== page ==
‘You hold a portable window on the world, a selected bit of the world picked especially for you by powerful computer algorithms.’

The screen insists, ‘look at me’.

‘The screen can tell you what to think, what to expend your energy on, what is important in your life.  There is no need to go looking for original thought. The screen can tell you everything your mind should contain.’

The screen insists, ‘look at me’.

‘Look at the screen. Let it distract you from reality.  Let the horrors of the world make you pliable, then let it remake you in a useful form.’

The screen insists, ‘look at me’.

‘You are useless unless you know what you are fed, unless you believe what you are told, unless you act as you are dictated to.’

The screen insists, ‘look at me’.

And I say ‘no’.

 

One of those days

Its one of those days where spring feels like summer,

as long as one stays out of the shade.

In places where the sun shines uninterrupted

the heat of the sun falls, intense, on newly sprouted leaves.

Trees look too sparse for the weather.

Bare twigs adorned with tiny buds are too skeletal for a true summer’s day.

Grass still sits brown and withered,  recovering from the winter,

though with half an eye closed, it could be summer drought parched instead.

April brings lengthening days and lengthening warmth too,

a joint chorus that sings, ‘throw off winter’s shroud.  Summer is coming to claim you.’

Winter aconites could be summer buttercups, complementing the illusion,

but the nodding trumpets of narcissus proclaim the season like the most strident herald.

Its one of those days where spring feels, and could look, like summer.

But don’t look too closely.

 

 

What if

What if…?

What if people hadn’t died?

What if it had been Dumfries town hall, or Leeds town hall, and not the Palace of Westminster?

What if the perpetrator was not a muslim?

What if the perpetrator was a Christian, a white guy, an atheist, a Belgian who was angry about brexit, a Scot who was angry about (in)dependence?

What if that policeman had run the other way?

What if a politician had been killed?

What if it had been a massacre of hundreds?

What if we didn’t sensationalise the horror but instead collectively prayed for peace?

What if our instincts had driven us to every church, synagogue, gudwara, temple, monastery and mosque to gather in respectful silence, remembering?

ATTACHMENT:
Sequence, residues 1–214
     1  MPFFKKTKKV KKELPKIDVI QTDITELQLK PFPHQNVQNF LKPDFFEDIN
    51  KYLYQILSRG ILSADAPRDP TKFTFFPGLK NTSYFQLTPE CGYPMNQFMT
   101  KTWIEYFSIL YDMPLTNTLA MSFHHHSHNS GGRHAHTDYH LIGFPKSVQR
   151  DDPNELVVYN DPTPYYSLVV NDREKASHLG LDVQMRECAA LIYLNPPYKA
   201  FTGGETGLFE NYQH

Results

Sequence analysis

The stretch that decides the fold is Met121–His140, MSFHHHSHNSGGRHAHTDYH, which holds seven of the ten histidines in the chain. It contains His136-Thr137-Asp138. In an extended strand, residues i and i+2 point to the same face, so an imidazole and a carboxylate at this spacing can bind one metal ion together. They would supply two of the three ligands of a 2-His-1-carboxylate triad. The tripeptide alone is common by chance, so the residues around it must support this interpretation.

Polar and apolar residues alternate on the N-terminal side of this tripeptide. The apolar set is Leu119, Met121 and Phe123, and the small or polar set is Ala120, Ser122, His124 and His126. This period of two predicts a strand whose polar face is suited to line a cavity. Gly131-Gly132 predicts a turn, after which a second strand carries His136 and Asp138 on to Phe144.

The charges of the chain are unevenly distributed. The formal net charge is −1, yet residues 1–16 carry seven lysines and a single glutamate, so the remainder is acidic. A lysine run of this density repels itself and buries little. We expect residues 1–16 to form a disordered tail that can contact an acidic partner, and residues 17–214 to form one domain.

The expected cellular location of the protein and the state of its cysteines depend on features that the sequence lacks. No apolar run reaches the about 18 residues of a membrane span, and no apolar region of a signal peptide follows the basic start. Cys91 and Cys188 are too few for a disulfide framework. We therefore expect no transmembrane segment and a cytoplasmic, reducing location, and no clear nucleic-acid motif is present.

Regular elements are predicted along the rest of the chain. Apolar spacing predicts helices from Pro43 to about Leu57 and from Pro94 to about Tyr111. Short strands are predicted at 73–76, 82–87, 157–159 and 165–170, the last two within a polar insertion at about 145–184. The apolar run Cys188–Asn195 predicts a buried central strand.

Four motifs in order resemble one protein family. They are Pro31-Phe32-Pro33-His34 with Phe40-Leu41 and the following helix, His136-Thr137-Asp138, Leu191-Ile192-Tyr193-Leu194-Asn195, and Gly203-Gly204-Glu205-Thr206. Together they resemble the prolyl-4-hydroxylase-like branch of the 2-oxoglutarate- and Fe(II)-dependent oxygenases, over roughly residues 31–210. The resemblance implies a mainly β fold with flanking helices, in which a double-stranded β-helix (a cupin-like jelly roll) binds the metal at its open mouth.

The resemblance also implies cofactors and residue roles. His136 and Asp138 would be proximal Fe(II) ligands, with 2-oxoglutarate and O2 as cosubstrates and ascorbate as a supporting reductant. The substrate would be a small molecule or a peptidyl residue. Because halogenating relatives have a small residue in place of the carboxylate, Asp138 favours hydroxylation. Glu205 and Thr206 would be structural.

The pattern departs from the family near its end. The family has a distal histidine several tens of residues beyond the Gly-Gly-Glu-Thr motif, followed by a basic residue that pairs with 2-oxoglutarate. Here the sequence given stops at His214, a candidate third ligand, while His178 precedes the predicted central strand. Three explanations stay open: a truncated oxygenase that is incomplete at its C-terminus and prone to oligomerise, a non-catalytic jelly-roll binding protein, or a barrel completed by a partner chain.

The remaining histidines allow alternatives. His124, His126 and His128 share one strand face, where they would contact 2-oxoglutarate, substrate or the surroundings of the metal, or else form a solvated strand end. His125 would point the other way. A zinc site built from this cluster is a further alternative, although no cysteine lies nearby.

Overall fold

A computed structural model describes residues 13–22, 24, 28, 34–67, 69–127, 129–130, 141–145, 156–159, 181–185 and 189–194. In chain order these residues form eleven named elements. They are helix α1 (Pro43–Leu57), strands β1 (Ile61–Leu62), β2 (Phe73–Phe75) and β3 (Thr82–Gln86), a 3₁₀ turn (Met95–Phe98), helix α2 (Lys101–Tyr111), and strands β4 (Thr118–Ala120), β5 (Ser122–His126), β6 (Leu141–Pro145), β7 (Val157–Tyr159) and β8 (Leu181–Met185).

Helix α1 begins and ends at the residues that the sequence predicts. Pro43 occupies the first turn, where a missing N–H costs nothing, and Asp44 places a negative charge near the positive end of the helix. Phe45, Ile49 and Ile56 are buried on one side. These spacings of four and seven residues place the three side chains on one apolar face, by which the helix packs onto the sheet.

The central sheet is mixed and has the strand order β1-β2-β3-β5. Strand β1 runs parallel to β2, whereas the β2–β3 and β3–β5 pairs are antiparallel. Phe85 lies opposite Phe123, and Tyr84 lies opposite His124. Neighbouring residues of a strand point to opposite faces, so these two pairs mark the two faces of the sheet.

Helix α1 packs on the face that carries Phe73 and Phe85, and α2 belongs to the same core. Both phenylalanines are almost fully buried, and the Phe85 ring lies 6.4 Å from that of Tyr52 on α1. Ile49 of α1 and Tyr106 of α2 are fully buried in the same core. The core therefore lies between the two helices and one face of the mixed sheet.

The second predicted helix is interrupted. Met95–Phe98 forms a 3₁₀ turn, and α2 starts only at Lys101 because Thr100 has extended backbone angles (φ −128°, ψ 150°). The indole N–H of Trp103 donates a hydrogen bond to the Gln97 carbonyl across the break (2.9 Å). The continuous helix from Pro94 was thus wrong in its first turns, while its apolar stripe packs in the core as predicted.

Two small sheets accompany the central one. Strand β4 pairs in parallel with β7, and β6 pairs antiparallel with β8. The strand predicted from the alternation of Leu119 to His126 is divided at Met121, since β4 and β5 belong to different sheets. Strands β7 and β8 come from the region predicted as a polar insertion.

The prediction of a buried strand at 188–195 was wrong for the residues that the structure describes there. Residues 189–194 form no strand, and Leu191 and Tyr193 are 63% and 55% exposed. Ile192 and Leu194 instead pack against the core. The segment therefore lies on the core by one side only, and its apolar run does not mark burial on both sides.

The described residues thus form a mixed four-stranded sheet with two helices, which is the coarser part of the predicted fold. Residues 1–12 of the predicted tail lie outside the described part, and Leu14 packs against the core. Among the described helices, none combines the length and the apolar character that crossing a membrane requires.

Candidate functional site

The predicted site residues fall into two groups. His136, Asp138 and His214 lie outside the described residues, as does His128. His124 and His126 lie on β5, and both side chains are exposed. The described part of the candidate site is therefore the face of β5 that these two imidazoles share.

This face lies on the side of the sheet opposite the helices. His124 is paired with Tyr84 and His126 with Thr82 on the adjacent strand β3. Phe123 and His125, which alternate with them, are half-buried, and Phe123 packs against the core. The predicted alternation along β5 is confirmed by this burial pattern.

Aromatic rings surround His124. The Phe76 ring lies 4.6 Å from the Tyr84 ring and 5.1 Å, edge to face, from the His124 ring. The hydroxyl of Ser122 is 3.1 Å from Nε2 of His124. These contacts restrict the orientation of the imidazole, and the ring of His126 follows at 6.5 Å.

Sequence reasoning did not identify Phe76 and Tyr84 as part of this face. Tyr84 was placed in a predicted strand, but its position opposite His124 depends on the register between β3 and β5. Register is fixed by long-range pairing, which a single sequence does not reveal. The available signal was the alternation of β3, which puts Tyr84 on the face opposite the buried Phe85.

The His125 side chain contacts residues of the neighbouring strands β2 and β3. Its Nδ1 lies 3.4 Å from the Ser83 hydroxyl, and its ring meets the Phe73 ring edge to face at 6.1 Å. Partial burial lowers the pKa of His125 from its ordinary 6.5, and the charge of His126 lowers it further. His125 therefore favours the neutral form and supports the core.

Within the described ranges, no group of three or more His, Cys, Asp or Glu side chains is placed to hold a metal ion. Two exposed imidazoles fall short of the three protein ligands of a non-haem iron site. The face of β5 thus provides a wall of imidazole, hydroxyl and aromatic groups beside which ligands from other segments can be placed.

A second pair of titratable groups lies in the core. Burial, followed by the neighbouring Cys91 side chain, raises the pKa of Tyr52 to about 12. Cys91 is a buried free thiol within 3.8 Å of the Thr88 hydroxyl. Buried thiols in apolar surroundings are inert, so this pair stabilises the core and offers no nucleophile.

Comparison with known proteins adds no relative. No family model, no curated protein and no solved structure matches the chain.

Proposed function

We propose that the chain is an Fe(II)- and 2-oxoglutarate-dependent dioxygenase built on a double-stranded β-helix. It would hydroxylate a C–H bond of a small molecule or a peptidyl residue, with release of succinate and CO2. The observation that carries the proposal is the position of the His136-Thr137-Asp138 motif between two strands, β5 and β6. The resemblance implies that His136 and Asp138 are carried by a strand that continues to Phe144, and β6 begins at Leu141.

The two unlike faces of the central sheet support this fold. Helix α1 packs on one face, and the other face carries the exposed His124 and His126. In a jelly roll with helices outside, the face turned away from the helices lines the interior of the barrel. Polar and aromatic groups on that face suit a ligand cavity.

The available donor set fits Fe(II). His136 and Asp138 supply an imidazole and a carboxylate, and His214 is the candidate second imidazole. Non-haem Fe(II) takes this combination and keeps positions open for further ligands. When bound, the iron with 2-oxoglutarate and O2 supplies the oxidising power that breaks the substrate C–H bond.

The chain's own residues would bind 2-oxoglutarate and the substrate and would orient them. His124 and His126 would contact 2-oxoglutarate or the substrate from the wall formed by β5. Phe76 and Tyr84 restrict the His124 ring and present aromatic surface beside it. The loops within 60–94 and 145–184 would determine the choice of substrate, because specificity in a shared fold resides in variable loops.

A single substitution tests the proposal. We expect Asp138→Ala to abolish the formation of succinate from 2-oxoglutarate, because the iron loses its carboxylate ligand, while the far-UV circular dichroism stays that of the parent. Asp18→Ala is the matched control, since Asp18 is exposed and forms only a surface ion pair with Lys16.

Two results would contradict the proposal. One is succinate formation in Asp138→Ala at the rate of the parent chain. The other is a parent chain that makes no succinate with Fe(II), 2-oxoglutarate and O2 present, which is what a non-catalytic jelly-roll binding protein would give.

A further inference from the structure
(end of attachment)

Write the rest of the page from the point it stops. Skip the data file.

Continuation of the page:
What if we didn’t blame, but instead left it to the authorities to seek justice?

What if we lived a life of forgiveness?

What if we didn’t hate?

What if we remembered that we are all human, thrown together on a tiny ball of rock, and decided, for a change, to love each other?

What if the archbishop of Canterbury was the one person we wanted on our TV screens right now?

What if we love?

What if we cry?

What if we are tired of the blame game and tired of the culture of fear?

What if we just want to live and let live?

What if we stopped letting the media tell us what to think?

What if……

 

Seasonal Blogging

Its been a while since I wrote anything. My garden has kept me busy and the early spring flowers and myriad spring birds have kept me well entertained and kept my thoughts away from my blog.

 

Perhaps blogging, like hibernating, is a seasonal thing. As bears enter their dens, I enter my wordpress site. My mind curls up in defence against the dark and what thoughts there are, be they sporadic and fleeting like a half frozen stream, or roaring like the Nith and Kent in full flood combined, they get committed to bits and bytes.

 

There are other activities in my, and indeed any other, life, which are seasonal. Seed sowing is for springtime. Lawn-mowing is for spring, summer and autumn. Holidays are best taken in the summer. Roaring bonfires are usually enjoyed as winter approaches. Curling up by a hot fire with a warm drink and a book is a joy on cold days, and sipping something over ice while lounging in the garden is best when the sun is high and threatening to wither your lawn.

 

So it stands to reason, in my mind at least, that writing can be seasonal too.  Different things spur different people to write. For me, writing is cathartic, it enables me, along with several other tools,  to work through the dark days when daylight is at its most fleeting.  Its a piece of my armour. And some, which can hold my armour together, gets shared on my blog whilst other pieces, which might prove armour-piercing, get deleted.